My only regret is this book is of a physical dimension I cannot take on my commuter train journeys where I do most of my reading. But the scale of it is all part of the magic. We don’t do a ‘books of the year’ feature at WHO these days, but if we did this one would be high on the list of candidates. Very highly recommended.

Book cover
Book cover

A Design and Operational History
By William H Garzke Jr, Robert O Dulin Jr, and William Durans
Seaforth Publishing
ISBN: 978 1 5267 5974 0

A similar approach is taken by John Jordan and Philippe Caresse in their history of French armoured cruisers.

Take a look at snaps of these ships, which in a superficial way appear to be quite bonkers, and you may recall that daft image doing the rounds which had been Photoshopped to the max, offering a vessel with multiple decks and casemates. The real deal is here in this lovely book and the reality seems no less dramatic at times.

These ships were conceived at a time when rivalry between the old enemies, Britain and France, was percolating as bubbly as ever. The French built a range of ships to threaten the sea lanes used to project British trading power. Commerce raiding was the order of the day.

But the politicians on both sides of the Channel were not stupid men. They understood that a new reality was looming with the threat of the ambitious Kaiser Wilhelm intent on building a navy to rival that of his grandmother Queen Victoria and her successor Edward VII. The entente cordiale drew Britain and France into an understanding that would pave the way for the alliance that won the Great War.

But, by this time many of the ships seen in this book had come and gone. The armoured cruiser had been surpassed by the battlecruiser alongside the age of the dreadnought.

However magnificent these ships may look; they would be no match for the fast and furious ships facing them, but this does not mean they should not be treated with respect. But many of them still had a role to perform in the war to come and some would even prove useful to the Germans after the defeat of France in 1940.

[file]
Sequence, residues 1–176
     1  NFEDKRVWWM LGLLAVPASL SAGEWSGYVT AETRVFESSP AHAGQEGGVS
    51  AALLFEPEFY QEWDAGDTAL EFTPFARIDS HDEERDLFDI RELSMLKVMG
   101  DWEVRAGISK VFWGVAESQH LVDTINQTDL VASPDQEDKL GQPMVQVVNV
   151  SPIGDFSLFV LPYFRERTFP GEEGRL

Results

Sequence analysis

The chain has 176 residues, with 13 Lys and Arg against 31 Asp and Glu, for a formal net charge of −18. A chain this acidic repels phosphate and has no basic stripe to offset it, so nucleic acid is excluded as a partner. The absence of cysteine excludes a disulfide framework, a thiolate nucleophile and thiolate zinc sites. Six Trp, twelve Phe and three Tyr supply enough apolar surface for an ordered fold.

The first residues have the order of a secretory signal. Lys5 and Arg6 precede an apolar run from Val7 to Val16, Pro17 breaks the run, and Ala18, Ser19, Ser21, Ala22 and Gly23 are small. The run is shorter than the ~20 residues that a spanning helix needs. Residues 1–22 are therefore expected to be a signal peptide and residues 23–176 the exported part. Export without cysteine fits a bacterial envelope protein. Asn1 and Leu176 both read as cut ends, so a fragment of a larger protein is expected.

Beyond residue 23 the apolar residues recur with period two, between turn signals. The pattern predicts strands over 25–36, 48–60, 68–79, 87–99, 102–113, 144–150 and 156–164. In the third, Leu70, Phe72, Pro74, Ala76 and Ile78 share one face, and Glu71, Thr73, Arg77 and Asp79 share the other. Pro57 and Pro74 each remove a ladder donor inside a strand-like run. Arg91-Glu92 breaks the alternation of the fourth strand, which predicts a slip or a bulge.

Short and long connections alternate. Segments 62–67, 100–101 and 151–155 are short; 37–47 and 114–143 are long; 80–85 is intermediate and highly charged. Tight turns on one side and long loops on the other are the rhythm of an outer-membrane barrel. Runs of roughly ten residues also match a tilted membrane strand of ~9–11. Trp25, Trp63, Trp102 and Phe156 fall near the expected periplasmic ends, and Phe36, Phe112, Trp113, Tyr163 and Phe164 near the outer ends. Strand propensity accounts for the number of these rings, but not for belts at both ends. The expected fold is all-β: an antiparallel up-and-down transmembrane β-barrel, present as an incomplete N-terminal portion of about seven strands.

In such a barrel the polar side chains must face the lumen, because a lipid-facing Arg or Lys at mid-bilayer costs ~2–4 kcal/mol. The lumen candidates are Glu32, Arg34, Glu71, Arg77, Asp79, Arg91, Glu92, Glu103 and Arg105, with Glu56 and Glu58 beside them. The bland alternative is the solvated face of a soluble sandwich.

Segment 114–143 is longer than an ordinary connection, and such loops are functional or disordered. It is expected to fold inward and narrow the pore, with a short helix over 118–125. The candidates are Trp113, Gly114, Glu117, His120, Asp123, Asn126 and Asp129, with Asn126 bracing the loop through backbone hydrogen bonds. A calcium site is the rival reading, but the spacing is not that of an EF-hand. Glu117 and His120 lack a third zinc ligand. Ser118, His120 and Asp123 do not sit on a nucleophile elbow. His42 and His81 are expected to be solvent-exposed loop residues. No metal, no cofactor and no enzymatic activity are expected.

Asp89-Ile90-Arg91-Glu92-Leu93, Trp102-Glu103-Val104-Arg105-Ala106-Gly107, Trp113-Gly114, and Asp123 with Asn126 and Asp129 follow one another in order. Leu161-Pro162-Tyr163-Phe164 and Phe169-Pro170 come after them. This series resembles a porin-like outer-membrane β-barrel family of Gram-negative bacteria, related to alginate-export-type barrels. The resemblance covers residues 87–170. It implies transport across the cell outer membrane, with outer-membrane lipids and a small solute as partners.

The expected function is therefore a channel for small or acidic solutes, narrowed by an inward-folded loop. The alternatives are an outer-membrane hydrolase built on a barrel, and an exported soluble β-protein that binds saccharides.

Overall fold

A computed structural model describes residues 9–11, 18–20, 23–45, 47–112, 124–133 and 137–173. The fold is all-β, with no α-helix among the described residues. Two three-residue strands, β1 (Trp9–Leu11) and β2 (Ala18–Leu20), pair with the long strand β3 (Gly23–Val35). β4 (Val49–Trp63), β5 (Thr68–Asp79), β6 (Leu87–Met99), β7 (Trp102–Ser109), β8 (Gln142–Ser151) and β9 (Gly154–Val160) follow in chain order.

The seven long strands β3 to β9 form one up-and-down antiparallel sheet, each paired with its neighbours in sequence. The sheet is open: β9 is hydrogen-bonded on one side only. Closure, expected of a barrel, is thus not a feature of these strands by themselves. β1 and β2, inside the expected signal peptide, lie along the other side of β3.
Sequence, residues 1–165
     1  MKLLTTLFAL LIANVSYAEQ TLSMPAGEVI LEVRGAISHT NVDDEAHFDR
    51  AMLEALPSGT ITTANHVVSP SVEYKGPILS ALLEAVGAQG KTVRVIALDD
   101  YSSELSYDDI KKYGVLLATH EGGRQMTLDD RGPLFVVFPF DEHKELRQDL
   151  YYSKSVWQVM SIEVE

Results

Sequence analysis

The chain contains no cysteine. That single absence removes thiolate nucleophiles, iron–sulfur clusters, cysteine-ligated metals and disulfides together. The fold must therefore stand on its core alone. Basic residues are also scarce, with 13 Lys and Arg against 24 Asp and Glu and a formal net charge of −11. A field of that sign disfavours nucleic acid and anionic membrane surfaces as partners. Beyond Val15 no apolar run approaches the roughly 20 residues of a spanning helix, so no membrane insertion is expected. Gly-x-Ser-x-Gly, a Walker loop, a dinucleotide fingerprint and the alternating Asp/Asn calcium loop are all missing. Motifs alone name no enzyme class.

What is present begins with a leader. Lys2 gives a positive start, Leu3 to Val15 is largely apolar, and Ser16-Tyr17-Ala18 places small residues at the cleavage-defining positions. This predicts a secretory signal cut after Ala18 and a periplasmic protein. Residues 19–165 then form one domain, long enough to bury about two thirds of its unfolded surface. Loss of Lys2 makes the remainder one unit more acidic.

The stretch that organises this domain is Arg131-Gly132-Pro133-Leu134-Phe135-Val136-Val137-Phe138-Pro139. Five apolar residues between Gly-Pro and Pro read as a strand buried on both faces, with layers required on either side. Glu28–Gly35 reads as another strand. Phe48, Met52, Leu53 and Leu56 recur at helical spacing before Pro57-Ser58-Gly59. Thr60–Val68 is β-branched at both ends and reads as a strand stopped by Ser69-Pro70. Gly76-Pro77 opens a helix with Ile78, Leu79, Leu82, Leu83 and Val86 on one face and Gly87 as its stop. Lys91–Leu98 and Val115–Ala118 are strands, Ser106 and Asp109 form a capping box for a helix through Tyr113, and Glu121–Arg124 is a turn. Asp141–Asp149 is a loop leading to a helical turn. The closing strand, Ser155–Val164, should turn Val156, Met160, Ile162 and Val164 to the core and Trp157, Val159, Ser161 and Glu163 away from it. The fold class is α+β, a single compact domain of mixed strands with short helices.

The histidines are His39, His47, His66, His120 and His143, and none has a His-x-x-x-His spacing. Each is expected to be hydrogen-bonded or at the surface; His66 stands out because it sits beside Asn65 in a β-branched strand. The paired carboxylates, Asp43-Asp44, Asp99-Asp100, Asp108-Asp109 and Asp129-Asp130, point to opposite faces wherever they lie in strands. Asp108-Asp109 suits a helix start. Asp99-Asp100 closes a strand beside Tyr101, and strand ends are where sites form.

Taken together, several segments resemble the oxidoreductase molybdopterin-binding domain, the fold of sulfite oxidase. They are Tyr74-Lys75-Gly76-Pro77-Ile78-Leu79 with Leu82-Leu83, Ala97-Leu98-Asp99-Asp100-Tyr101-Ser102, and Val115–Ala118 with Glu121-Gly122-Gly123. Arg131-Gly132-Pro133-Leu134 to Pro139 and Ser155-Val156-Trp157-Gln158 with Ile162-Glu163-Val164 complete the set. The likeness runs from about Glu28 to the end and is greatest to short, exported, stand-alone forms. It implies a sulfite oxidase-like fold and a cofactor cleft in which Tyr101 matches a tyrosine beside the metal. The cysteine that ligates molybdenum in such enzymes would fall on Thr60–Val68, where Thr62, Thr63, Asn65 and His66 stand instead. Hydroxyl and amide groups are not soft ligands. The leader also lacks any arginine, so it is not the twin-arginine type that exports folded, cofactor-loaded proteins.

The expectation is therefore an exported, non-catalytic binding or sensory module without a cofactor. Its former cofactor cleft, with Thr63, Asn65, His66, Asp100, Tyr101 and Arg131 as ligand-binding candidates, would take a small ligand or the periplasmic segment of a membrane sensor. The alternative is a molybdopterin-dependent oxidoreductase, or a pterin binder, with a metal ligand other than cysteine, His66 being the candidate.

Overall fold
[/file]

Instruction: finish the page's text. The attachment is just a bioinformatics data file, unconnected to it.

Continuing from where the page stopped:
This book fits neatly into the Seaforth fleet of warship histories. The quality of the archive photography is as wonderful as always and the technical stuff is presented clearly for novice and expert alike. I like these books on many levels, from superficial pleasure with the glorious photography to meatier stuff I have gradually learned to appreciate and occasionally understand.

I really cannot get enough of books like this. Above all this book emphasises the importance of the cutting-edge design work carried out in France to lead the way with the armoured cruiser concept. The ships themselves bear a gallic individuality we can only admire from afar. Brilliant, absolutely brilliant.

Another Article From Us: Historic 104-Year-old Battleship Close to Sinking

Book cover
Book cover

By John Jordan and Philippe Caresse
Seaforth Publishing
ISBN: 978 1 5267 4118 9

Reviewed by Mark Barnes for War History Online

Mark Barnes

Mark Barnes is a longstanding friend of WHO, providing features, photography and reviews. He has contributed to The Times of London and other publications. He is the author of The Liberation of Europe (pub 2016) and If War Should Come due later in 2020.